MPG & RUNNING COSTS

renault captur review 2024 01 front tracking

The good news if you like the look of the updated Captur is that it is expected to cost less to buy than almost all of its major rivals, including the T-Cross, 2008 and Puma. Although final specifications have yet to be revealed, Renault has promised lots of standard tech for an “aggressively positioned” price. Our mid-range Techno (with rear-view camera, parking sensors, wireless phone charging and automatic headlights) is also forecast to hold its value better than many.

One thing to note is that, like the Renault Clio, the Captur’s interior ambience is quite dependent on spec and colour. Techno brings yellow stitching while Esprit Alpine adds blue inserts and French flag motifs, for example. There is no chrome or leather on offer, in line with Renault's sustainability ambitions. 

Captur matches the Volkswagen T-Cross for residual strength on percentage basis, which is impressive. The Peugeot 2008 is equally new.

On a 110-mile mixed route in the E-Tech hybrid, we averaged an indicated 63mpg, which actually beats the factory claim.

VERDICT

renault captur review 2024 24 front urban

Renault did a lot right with the second-generation Captur, making it a much more complete product than its predecessor. This facelift builds on that, with a much better looking design and significantly improved on-board technology for a really competitive price.

Our test car’s 145bhp E-Tech was fine for power, economy and city centre driving, with a comfortable ride and easy-to-use responsive tech that really improves the car’s day-to-day usability. But the way the gearbox performed on faster routes, especially those with even the slightest of inclines, did rob the car of the effortlessness some buyers will be expecting.

Updated Captur should prove popular, especially with its low entry price.

This facelift also slims down what was a broad range of engines that originally distinguished the car from rivals. But, given Renault says sales of those powertrains were dropping, it’s no real surprise.

Still, with greater quality than its predecessor, a fresh look to keep up with an increasingly diverse-looking segment (Juke, Puma, Kona et al) and an aggressive pricing structure that kicks off at £21,095 (although the E-Tech powertrain is £24,595), it really isn’t short of ways in which to convince buyers looking for a good-looking practical small family SUV.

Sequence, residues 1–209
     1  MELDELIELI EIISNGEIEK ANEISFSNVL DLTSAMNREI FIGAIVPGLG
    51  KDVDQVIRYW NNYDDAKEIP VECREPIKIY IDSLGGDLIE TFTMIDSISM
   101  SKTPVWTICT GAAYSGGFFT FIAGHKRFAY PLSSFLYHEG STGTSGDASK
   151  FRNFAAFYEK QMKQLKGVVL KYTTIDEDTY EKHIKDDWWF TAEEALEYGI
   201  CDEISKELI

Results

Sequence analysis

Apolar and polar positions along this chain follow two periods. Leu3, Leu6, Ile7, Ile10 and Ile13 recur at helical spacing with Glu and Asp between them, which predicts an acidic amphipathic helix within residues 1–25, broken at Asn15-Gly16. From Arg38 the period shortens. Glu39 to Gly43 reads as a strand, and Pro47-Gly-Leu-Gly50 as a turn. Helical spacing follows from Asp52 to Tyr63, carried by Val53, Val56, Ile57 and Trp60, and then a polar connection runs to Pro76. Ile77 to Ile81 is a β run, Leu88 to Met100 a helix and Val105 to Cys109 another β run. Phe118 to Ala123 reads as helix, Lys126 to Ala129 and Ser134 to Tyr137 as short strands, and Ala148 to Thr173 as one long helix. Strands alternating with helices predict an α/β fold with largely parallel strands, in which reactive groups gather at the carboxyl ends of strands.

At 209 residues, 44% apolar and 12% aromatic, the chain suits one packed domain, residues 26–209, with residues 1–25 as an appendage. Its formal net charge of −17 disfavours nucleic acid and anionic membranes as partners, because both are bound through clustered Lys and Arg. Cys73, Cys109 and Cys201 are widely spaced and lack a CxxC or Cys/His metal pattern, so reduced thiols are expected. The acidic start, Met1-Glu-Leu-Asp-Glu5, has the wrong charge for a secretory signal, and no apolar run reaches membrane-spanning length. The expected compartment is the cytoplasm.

Will Rimell

Will Rimell
Title: News editor

Will is a journalist with more than eight years experience in roles that range from news reporter to editor. He joined Autocar in 2022 as deputy news editor, moving from a local news background.

In his current role as news editor, Will’s focus is on setting Autocar's news agenda; he also manages Autocar Business and Haymarket's aftermarket publication CAT.

Writing is, of course, a big part of his role too. Stories come in many forms, from interviewing top executives, reporting from car launches, and unearthing exclusives.

Matt Saunders

Matt Saunders Autocar
Title: Road test editor

As Autocar’s chief car tester and reviewer, it’s Matt’s job to ensure the quality, objectivity, relevance and rigour of the entirety of Autocar’s reviews output, as well contributing a great many detailed road tests, group tests and drive reviews himself.

Matt has been an Autocar staffer since the autumn of 2003, and has been lucky enough to work alongside some of the magazine’s best-known writers and contributors over that time. He served as staff writer, features editor, assistant editor and digital editor, before joining the road test desk in 2011.

Since then he’s driven, measured, lap-timed, figured, and reported on cars as varied as the Bugatti Veyron, Rolls-Royce PhantomTesla RoadsterAriel Hipercar, Tata Nano, McLaren SennaRenault Twizy and Toyota Mirai. Among his wider personal highlights of the job have been covering Sebastien Loeb’s record-breaking run at Pikes Peak in 2013; doing 190mph on derestricted German autobahn in a Brabus Rocket; and driving McLaren’s legendary ‘XP5’ F1 prototype. His own car is a trusty Mazda CX-5.

Renault Captur First drives